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Bringing Back Play

presented by Lacy Morise and Nicole Sergent

Accrediting Body:

Target Audience:

Levels:
Disclosure Statement:

Financial: Nicole M. Sergent and Lacy Morise receive compensation from MedBridge for this course. They are also co-creators of 123 Play with Me child development resource cards and owners of Milestones & Miracles

Non-Financial: No relevant non-financial relationship exists.

Satisfactory completion requirements: All disciplines must complete learning assessments to be awarded credit, no minimum score required unless otherwise specified within the course.

MedBridge is committed to accessibility for all of our subscribers. If you are in need of a disability-related accommodation, please contact [email protected]. We will process requests for reasonable accommodation and will provide reasonable accommodations where appropriate, in a prompt and efficient manner.

Accreditation Check:
It is well established that play is the primary way young children learn and develop, but what happens when society’s view on play changes? Play trends and early development suffer when adults change the way they view play, change the environments children play in, and change materials children play with.

In this course, therapists will explore the changing culture of play in current society, including what factors have influenced this change, as well as the evolution of play, and the importance of play in 5 domains of child development (gross motor, fine motor, cognitive, social-emotional, and speech and language). Special attention will be given to sensory development and the role that play has in sensory regulation. With attention to purposeful play, the presenters will model pairing 3 detailed milestones in each of the 5 developmental domains (15 total examples), with hands on, easily reproducible, purposeful play activities that can be incorporated quickly into pediatric practice. The course covers practical strategies for choosing types of toys and materials to meet the goals of each stage of development, recommendations for play spaces, resources that support traditional, developmental play, and the role of the pediatric therapist in becoming an advocate for play.

Meet Your Instructors

Lacy Morise, MS, CCC-SLP

Lacy Morise, MS, CCC/SLP, is a pediatric speech-language pathologist working in the Eastern Panhandle of West Virginia. Lacy is an independent contractor for the West Virginia Birth To Three Program (early intervention) working with children aged 0-3 and their families. The combination of skilled rehabilitation with the educational component of coaching families on shaping their…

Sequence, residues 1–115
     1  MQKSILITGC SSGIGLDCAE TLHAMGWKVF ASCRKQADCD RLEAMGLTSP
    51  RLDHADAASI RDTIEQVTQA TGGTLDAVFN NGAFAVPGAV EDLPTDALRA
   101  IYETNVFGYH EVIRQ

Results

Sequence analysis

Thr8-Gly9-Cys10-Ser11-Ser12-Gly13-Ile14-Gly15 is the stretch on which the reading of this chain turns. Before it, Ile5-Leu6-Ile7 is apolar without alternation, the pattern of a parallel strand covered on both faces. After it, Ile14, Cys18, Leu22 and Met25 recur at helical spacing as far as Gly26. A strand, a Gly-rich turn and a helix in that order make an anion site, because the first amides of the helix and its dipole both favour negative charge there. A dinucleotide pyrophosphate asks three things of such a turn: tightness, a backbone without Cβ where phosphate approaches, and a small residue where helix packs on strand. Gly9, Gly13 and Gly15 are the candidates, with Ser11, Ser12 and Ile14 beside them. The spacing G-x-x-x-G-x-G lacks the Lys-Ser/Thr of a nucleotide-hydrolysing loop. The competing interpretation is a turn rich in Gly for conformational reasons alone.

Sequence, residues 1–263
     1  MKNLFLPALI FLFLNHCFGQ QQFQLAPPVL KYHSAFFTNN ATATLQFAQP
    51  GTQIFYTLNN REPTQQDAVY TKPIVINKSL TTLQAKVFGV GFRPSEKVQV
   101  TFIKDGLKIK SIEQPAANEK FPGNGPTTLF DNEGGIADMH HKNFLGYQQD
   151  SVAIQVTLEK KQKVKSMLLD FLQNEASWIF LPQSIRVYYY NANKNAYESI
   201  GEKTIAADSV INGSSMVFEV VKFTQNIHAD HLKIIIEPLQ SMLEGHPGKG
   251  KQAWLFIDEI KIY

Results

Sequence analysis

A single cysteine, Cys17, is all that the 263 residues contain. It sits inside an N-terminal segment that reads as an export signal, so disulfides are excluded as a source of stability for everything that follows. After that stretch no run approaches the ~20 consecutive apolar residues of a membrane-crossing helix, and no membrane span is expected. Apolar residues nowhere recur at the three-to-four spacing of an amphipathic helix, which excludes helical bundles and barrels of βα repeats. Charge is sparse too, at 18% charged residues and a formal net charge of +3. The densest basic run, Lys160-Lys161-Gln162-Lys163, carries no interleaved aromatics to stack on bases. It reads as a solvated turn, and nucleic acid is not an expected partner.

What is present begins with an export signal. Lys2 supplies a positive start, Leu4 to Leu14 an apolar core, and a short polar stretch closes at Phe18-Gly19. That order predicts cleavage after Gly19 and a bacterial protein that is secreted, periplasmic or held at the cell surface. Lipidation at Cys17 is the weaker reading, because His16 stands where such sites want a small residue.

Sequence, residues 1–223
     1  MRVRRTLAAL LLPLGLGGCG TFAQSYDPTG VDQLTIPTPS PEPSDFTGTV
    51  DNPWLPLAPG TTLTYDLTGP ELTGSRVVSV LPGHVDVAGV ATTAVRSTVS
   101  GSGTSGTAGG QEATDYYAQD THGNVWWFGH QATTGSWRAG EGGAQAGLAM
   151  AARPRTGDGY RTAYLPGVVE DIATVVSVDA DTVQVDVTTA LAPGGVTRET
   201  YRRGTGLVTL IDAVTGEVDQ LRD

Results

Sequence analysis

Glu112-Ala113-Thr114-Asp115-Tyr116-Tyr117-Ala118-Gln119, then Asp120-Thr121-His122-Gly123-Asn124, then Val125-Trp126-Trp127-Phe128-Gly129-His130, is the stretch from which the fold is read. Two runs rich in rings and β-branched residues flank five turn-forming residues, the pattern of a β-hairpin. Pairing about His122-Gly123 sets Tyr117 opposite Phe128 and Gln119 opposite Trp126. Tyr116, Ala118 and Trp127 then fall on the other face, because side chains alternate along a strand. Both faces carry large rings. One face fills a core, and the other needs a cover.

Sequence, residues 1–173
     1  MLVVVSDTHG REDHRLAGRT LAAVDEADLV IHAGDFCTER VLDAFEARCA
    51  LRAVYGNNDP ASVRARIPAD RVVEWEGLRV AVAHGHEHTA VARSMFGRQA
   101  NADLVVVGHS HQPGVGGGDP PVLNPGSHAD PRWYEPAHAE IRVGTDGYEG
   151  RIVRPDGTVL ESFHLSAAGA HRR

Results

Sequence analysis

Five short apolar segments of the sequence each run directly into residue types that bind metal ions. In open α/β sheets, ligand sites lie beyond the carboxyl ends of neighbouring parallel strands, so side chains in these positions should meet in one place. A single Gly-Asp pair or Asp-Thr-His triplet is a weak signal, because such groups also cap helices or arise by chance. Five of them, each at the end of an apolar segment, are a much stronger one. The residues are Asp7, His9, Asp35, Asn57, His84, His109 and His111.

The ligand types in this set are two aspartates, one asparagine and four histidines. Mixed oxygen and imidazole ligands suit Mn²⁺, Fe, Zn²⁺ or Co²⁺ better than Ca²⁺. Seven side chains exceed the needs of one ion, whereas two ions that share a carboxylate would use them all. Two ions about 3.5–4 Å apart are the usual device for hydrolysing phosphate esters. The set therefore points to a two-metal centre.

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Nicole Sergent, MPT

Nicole Sergent, MPT is a pediatric physical therapist living and working in the Eastern Panhandle of West Virginia. Nicole is an independent contractor for the West Virginia Birth To Three Program (early intervention) working with children aged 0-3 and their families. The combination of skilled rehabilitation with the educational component of coaching families on shaping…

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Chapters & Learning Objectives

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1. Evolution of Play

This chapter will discuss the evolution of play and the regression of available play or children in the US. The chapter will cover how this change affects overall development as well as the factors that have influenced this change.

2. Why Play Matters

This chapter will discuss why play matters and how play and environment affect learning and growth at the brain level. The chapter will discuss Sensory Regulation and relate why play is important to help children regulate the sensory system and for development in the areas of gross motor, fine motor, social-emotional, speech and language, and cognitive.

3. Playing with a Purpose

This chapter will discuss 15 developmental milestones and share practical strategies to link them to learning through purposeful play and the benefits of block play. This chapter will help practitioners create a framework of knowledge that can be used to adapt simple household materials to encourage developmental progression through play.

4. Becoming an Advocate for Play

This chapter will cover examples of toys or materials for specific stages of play development and recommendations for play spaces that foster typical growth and development. The chapter will encourage clinicians to feel empowered about their unique role as an advocate for play as the best form of learning for children.

5. Additional Resources

Find additional resources related to incorporating play into both therapy and child development. Resources include play-doh recipes and articles related to appropriate toys.

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